I’m a fan of Hale’s books, so reading this book was a no brainer for me. I like how she can create realistic flawed characters set in a very specific environment and atmosphere that always seems to be a bit different from most wlw books and this book is an excellent example of that.
About that environment and atmosphere, the main characters of this book work in a living history museum, so in large parts of the book they are dressed and acting as in the nineteenth century. I had no idea this would have such an impact on the atmosphere of the book, but it did, you get that historical feel, while at the same time, you’re in the now. I liked it a lot.
The romance in this book could be labelled a friends-to-lovers romance, but it wasn’t until Lex mentioned it in her review that I realized it, it’s actually a fauxmance. Jenn and Lacey have been best friends for eight years and they decide to get married and form a family, even though there are no romantic feelings between them. However, they decide that to the outside world they will sell their commitment as true love. However, what Jenn doesn’t know is that Lacey has been in love with Jenn from the minute they met all those years ago. And ughhh the pining of Lacey for Jenn and Jenn having no romantic feelings for Lacey in return…….it’s so frustrating. Lacey is an incredible lovable character, she’s sweet, understanding and easygoing and will do anything for Jenn and you just can’t understand why Jenn could not have feelings for her. But Jenn is dealing with her own baggage, she’s grieving and hung up on her ex, and she has recent body insecurities, which is something that clashes with her confident personality. She makes plenty of mistakes, and while she is a good friend these issues make her blind to what’s in front of her and they make her selfish on several occasions. And still, as a character she feels real and her mistakes feel real, or perhaps they are not even mistakes as she’s coming to terms with her feelings. So yes, Jenn is not the easiest character to like, but to see her change during the book was very fulfilling. Another thing about realistic characters is Lacey’s daughter, Mac. Kids in wlw romances tend to be super intuitive and acting too old for their age, and I can be annoyed by that, so I was happy to see that this was not the case in this book, Mac is just a happy, slightly oblivious kid.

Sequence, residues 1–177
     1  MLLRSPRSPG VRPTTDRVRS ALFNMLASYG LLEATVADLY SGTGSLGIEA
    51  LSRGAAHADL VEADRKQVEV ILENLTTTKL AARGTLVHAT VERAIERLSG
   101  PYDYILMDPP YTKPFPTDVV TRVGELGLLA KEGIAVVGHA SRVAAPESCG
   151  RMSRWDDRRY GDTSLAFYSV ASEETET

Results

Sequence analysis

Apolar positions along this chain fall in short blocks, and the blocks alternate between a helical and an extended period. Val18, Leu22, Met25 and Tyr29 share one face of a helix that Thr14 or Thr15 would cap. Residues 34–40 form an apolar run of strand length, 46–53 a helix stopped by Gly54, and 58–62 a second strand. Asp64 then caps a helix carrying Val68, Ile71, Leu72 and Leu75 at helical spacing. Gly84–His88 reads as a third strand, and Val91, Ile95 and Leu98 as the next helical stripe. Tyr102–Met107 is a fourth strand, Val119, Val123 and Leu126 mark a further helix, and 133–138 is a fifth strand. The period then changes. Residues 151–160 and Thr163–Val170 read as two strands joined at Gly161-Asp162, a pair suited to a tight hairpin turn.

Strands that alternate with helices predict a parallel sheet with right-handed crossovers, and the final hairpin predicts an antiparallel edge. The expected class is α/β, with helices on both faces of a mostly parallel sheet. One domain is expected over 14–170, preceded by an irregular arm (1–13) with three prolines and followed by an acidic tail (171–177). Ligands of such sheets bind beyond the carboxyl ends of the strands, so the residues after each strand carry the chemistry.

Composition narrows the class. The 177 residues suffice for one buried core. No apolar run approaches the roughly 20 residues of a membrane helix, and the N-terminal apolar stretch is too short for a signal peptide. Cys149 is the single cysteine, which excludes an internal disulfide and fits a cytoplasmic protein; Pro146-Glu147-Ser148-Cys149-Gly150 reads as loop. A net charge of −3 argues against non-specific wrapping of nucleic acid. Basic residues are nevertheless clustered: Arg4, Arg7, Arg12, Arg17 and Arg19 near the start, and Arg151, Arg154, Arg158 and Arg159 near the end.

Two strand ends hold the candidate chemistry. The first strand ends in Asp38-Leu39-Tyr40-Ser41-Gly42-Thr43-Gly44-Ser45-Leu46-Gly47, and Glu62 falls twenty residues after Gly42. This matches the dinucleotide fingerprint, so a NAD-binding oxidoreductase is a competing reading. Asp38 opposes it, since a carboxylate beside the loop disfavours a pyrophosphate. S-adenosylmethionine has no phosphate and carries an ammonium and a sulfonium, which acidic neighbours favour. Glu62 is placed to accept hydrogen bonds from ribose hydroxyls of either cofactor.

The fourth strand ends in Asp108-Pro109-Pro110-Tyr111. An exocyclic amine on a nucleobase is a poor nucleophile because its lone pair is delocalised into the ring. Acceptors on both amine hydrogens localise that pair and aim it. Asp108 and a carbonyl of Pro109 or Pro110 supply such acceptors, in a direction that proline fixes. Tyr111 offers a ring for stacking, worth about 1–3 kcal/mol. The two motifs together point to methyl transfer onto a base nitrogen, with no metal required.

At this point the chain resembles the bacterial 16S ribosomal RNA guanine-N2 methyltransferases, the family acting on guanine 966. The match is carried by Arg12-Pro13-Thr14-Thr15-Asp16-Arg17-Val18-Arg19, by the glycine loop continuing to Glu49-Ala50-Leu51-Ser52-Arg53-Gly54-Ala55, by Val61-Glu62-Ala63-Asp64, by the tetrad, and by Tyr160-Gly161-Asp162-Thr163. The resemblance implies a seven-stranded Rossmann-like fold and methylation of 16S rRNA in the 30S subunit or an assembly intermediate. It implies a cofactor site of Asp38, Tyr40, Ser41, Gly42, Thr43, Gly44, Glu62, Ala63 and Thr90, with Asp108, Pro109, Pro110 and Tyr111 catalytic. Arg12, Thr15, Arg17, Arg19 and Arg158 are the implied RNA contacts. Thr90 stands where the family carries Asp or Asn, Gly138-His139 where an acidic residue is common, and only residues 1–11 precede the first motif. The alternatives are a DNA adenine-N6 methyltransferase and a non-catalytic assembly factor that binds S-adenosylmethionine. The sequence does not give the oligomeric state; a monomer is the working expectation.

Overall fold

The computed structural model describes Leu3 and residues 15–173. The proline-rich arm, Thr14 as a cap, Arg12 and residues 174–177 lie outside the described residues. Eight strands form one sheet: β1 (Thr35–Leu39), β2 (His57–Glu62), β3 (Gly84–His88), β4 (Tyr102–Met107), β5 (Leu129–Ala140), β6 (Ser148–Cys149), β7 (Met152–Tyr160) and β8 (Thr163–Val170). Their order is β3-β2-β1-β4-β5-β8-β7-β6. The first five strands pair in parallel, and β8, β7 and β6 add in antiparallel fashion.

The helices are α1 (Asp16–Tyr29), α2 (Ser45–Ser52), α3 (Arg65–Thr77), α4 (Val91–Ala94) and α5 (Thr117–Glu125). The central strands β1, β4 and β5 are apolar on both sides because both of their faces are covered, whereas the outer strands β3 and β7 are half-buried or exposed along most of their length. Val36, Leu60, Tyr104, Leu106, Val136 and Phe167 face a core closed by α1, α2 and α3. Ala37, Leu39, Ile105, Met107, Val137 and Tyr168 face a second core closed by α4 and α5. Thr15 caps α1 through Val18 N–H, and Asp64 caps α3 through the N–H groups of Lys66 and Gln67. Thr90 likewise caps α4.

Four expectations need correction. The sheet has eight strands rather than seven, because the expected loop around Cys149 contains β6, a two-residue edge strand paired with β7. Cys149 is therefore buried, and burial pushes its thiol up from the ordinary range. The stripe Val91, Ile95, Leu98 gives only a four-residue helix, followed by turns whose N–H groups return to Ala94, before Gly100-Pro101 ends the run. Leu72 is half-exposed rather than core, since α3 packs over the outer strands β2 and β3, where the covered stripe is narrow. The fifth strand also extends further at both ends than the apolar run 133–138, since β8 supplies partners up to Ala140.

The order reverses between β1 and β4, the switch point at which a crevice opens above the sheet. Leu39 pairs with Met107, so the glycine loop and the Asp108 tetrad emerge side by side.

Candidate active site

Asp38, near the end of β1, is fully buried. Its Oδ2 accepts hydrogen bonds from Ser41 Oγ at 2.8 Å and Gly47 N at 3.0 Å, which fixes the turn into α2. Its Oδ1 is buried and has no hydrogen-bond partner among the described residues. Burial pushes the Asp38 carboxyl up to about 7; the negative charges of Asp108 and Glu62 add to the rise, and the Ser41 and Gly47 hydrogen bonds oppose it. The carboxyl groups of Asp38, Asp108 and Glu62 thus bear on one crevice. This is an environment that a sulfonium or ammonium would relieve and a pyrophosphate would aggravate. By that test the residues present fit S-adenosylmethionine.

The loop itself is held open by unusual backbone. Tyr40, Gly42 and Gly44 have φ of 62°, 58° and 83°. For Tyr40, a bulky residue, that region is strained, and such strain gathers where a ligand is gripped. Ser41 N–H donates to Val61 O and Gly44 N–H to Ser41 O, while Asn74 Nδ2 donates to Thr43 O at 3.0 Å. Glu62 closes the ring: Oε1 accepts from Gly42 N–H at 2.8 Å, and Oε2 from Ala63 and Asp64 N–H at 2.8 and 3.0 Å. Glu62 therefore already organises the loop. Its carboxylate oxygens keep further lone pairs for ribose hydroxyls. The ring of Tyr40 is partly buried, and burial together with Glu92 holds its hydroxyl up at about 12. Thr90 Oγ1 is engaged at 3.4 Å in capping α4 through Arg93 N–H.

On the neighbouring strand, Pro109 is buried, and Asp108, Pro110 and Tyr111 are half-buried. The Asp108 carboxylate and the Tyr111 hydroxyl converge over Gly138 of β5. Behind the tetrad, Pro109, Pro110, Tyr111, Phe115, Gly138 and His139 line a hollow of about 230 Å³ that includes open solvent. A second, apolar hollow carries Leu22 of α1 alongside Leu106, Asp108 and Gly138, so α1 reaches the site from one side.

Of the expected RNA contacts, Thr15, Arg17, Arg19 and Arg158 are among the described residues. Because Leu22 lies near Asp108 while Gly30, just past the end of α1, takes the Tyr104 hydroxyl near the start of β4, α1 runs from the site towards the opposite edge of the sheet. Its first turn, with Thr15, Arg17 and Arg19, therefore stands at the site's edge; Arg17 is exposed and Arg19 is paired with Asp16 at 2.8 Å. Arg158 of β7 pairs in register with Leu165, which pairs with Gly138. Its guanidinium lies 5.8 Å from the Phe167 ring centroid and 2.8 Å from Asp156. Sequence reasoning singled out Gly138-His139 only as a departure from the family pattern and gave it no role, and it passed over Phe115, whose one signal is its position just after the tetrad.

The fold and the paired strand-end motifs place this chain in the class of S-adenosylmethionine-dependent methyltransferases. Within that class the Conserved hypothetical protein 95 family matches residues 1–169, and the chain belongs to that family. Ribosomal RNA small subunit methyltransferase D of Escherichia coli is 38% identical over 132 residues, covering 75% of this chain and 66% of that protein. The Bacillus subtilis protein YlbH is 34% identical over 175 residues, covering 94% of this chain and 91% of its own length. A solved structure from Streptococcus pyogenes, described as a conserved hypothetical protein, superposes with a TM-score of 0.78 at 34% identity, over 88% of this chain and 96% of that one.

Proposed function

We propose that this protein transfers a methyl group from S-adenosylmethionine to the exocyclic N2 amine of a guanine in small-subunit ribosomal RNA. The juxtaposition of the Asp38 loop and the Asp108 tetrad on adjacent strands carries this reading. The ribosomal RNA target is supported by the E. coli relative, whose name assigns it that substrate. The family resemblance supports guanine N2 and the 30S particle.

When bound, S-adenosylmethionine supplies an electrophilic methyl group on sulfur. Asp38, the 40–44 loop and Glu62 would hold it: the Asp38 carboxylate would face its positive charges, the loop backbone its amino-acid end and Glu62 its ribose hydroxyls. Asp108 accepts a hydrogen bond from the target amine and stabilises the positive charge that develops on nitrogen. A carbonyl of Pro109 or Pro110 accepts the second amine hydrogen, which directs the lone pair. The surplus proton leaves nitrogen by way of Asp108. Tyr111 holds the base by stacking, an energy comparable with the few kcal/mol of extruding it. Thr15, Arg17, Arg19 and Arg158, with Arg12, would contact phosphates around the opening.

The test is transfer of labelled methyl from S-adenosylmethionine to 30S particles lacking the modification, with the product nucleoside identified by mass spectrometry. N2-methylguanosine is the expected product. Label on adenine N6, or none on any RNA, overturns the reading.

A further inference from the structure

In short, another excellent addition to Hale’s list of novels, I easily recommend this if you’re looking for a well written angsty romance.
I received an ARC from the publisher via NetGalley in exchange for an honest review.
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